After three weeks which saw record number of lead changes at Daytona and Phoenix, plus upticks in television ratings and attendance, the lack of a Cup event this weekend takes a bit of the steam out of NASCAR's apparent resurgence.
But that shouldn't be the case in 2012 and the foreseeable future, according to NASCAR chief executive officer and chairman Brian France. By pushing the Daytona 500 back one week next season, it should eliminate the early season off week.
France on ... Danica
"There was some discussion of, 'Does she have the right stuff to compete in the Nationwide Series?' I think she dispelled a lot of that. There are always circumstances at the start of a new career that sometimes are out of your control -- people crash in front of you, or a hundred other things. "I think she elevated herself quite nicely, and that's nice to see. She's a very competitive person, and she's always said she's here to compete -- not just happy to be here -- and that fits my criteria."
France on ... contact
"We've said, 'You've got to mix it up -- this is a contact sport.' And we feel really good about that, and it's made the racing better. And they've got to figure that out. They're doing that, largely. I would say, too, with the wild-card situation-- when the last two spots [in the Chase] are going to be decided by wins, if you don't happen to have the perfect top-10 performance in the first 26 events. "I think you saw the disappointment of Tony [Stewart] not winning when he thought he should have won. He may need that win. I'm actually happy to hear people complaining about that [aggressive driving] -- that means it's working."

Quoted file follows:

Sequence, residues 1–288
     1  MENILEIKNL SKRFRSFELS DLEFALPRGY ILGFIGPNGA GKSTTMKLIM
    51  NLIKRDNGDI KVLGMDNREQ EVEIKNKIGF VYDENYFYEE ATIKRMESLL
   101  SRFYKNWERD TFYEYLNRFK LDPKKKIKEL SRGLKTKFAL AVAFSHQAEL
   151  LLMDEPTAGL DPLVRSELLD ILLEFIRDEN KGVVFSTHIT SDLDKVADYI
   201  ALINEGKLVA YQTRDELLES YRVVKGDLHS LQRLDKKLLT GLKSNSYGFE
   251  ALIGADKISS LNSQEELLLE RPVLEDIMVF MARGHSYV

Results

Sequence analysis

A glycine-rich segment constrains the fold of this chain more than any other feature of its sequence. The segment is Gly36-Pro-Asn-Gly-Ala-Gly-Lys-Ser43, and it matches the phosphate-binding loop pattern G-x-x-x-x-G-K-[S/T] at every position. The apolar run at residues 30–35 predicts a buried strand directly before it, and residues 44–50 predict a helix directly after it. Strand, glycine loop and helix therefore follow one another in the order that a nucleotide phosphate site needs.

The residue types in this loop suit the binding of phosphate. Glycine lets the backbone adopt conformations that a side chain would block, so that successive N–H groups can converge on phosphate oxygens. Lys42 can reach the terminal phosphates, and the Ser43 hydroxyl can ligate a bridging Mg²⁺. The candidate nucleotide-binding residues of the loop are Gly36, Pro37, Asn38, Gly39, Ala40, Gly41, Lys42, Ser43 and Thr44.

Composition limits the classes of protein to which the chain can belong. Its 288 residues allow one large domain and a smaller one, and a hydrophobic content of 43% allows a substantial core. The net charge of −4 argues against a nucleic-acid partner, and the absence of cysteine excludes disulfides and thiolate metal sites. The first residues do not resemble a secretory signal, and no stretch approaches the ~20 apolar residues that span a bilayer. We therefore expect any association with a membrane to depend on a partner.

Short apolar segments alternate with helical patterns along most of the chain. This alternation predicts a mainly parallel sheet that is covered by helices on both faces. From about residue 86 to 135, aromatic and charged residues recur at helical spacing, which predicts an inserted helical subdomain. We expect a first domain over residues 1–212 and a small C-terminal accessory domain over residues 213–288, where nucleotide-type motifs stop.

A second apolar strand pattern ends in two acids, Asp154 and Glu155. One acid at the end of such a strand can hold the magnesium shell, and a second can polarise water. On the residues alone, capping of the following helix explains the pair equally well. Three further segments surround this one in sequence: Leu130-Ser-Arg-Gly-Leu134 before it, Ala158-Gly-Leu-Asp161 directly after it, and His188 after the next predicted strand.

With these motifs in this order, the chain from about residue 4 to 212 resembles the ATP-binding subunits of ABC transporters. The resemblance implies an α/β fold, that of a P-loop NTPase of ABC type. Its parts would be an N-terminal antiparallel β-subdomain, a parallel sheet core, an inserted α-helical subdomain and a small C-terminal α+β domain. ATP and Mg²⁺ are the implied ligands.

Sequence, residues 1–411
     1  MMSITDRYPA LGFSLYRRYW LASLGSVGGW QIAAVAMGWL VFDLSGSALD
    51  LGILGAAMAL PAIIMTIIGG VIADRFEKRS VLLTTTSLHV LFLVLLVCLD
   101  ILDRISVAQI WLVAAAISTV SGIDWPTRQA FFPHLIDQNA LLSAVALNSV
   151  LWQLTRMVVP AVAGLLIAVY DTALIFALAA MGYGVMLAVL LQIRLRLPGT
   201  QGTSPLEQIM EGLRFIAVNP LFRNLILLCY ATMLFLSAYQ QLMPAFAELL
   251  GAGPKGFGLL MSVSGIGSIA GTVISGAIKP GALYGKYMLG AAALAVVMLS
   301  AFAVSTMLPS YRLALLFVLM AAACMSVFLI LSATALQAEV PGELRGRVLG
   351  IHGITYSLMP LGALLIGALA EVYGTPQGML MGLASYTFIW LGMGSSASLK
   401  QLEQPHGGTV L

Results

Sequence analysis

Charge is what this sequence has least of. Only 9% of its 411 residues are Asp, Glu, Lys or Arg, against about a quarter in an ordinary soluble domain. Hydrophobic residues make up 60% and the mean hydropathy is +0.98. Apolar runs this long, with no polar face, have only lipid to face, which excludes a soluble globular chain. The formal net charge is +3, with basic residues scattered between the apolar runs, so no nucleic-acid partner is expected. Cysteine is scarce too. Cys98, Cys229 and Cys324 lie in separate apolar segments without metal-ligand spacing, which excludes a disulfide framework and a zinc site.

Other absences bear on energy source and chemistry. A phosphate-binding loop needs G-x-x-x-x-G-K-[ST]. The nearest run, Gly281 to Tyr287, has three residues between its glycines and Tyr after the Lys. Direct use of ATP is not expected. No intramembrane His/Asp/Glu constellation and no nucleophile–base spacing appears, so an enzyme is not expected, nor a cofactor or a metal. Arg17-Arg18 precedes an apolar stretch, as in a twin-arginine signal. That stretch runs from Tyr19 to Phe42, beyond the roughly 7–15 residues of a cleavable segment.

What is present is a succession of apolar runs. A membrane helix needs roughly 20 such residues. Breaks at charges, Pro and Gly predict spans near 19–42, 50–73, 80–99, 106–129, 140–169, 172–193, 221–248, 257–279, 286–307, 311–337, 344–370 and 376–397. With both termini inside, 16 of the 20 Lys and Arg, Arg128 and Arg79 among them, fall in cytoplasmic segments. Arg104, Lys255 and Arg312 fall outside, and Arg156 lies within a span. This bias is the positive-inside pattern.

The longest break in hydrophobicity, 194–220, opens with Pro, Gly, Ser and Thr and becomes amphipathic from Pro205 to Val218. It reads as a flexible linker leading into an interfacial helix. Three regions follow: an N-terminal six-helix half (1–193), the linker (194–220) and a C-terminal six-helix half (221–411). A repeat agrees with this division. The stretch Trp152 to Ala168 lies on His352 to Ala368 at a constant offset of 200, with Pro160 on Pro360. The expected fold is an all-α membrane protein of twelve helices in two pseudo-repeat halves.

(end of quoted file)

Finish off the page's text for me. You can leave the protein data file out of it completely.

"In my view, all things being equal, we'd probably like to be racing this weekend," France said. "But I don't believe that to be a significant challenge for us because we happen to have an open week. We have a long season, we're going to have some open weeks.
"In the long run, with the 500 moving, it will by definition take care of that. Our schedules are year to year, but you typically can see we have a lot of continuity."